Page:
Would you hire a plumber to do your taxes? A lawyer to fix your leak? Of course not! it is not an attack on either profession, it is simply a practical response to your need and how to best have the matter resolved. In life, you need plumbers and lawyers and when you have a leak, there is no one more important than your plumber, and when you need some legal work done, there is no one more important than your attorney.
Everyone has a specific calling and embracing their calling is what makes them true to themselves and and most effective at actually making a difference in their own lives and in the lives of others.
I’ve always been troubled by the “blessings” given to the 1st three of the 12 tribes by their father Jacob in this week’s Torah reading. Reuven steps up to the plate, and BOOM, “unstable as water” you are. You are impulsive and rash and for that reason you will lose the Kingship and the Priesthood.
Shimon and Levi are up next. BAM! “Let not my soul enter into their counsel… Cursed is their anger” proclaims Yaakov and the get what appears to be a tongue lashing. Next up is Yehuda, and he starts backing away (according to the commentary) scared that his “blessing” of rebuke is up next. To him however Yaakov invites him in with words of kindness and encouragement. “From the prey, my son, you removed yourself… the sculpture shall not be removed from you.”
Now, wait a sec? How did Reuven turn into the hero and Reuven the zero? Reuven tried to save Yosef’s life by convincing his brothers to throw him into the pit rather than kill him. Yehuda convinced the angry brothers to sell him rather than kill him and in fact that happens while Reuven is off the scene busy repenting for earlier sins and praying in depth and missed out on the sale.
Yehuda seeks out the services of a prostitute (not knowing that the woman of ill repute is in fact his daughter in law Tamar). Later when it comes time to acknowledge his sin, he does own it and he “outs himself” as the culprit in order to save Tamar’s life. Hardly a great story, and if owning up to your sinful behavior is a merit, well Reuven did it first?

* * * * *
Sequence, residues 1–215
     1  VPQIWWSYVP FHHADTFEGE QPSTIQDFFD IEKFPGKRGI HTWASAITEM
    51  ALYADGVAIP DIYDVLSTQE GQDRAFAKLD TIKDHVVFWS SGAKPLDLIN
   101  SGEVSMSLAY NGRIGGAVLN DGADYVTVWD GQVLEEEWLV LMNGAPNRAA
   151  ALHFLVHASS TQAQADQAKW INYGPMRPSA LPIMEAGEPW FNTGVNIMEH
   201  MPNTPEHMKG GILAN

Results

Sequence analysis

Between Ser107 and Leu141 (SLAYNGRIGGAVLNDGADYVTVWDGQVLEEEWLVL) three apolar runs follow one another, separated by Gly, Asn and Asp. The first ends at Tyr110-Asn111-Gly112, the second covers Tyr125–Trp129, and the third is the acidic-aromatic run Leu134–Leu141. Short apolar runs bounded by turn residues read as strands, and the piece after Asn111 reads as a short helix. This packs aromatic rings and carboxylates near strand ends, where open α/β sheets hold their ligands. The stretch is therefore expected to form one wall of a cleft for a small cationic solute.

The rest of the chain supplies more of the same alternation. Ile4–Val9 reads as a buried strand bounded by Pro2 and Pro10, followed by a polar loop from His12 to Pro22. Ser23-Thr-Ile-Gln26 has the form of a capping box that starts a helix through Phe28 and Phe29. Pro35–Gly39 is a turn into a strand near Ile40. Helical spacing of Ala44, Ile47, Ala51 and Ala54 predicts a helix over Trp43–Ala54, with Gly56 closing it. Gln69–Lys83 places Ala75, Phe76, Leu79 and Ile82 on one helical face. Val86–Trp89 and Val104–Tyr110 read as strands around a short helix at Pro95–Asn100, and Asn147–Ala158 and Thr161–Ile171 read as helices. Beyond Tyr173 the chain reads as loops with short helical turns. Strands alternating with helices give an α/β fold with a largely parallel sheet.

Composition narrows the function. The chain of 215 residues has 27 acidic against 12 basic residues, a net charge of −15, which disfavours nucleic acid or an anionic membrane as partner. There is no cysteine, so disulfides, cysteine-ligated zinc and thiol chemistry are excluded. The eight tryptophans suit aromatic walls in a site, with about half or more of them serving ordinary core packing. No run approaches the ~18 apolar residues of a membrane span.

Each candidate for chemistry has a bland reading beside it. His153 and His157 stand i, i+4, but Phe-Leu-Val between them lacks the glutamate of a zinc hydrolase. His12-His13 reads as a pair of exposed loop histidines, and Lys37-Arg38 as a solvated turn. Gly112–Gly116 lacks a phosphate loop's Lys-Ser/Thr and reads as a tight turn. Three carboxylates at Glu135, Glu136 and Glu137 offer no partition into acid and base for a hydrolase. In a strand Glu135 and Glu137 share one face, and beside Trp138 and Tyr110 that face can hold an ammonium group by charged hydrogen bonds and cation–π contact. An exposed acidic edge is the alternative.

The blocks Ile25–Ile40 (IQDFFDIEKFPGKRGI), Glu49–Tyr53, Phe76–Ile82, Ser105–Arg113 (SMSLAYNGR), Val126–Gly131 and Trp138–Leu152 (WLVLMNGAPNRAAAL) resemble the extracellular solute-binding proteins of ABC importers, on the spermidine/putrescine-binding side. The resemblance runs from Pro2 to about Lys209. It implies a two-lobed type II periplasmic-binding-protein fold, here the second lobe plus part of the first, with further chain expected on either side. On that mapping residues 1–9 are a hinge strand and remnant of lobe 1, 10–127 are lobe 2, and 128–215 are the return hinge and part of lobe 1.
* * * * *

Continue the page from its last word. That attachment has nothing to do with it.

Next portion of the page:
So, what gives? How does Yehuda get all this reward and Reuven all this rebuke? Was Yaakov not paying attention? Is is there in fact more to the story?
The Rebbe gives a fascinating understanding (LK”S Vol 15 Sicha 3) which I am paraphrasing in my own words (so forgive me if I take some liberties).
Yaakov’s “blessing his children” was less about blessing and more about setting the Jewish people and future generations to have leaders in arenas that they are good at. He is letting each child know where their strengths are and where trying to shoehorn themselves into a role that isn’t fitting is misplaced and therefore out of place.
Leadership in Judaism doesn’t mean you are the greatest, most moral, most compassionate person. Leadership means you are a natural leader and an effective operator. You can be a regular flawed human being who makes mistakes but can own up to them and then turn those mistakes into learning experience which make you relatable and you maintain your inner confidence and effectiveness to the point that the people want you to be their leader.
Yehuda had this in spades. He was all of the above and then some. His siblings trusted him and followed his lead implicitly and his owning his errors only made them respect him even more. Reuven, you too have many qualities, you are still my firstborn, the first of my strengths, but you are not a leader (just like a lawyer is not a plumber). You are a rabbi. A spiritual leader. You model great devotion and prayer and you embody repentance and repair.
Reuven, you be the rabbi of the shul and Yehuda you be the leader of the people.
Yaakov’s blessings were in fact blessings. One of the greatest struggles a person has is knowing what their calling in life is so that they can live a meaningful, fulfilling, productive life. This is the blessing he gave his children. I will tell you who you are and you go do your best, to be the best version of you that you can.
The world needs Reuven’s and Yehuda’s to run effectively.
The note to us, is that we all have a little bit of Yehuda and Reuven in ourselves. At times we need to be the leader and at times the rabbi and at times sit quiet and let the rabbi minister and the leaders lead.
Rabbi Mendel Schusterman
Thanks to my brother, Rabbi Nechemia Schusterman, Chabad rabbi in Peabody , Mass., for sharing the above thought.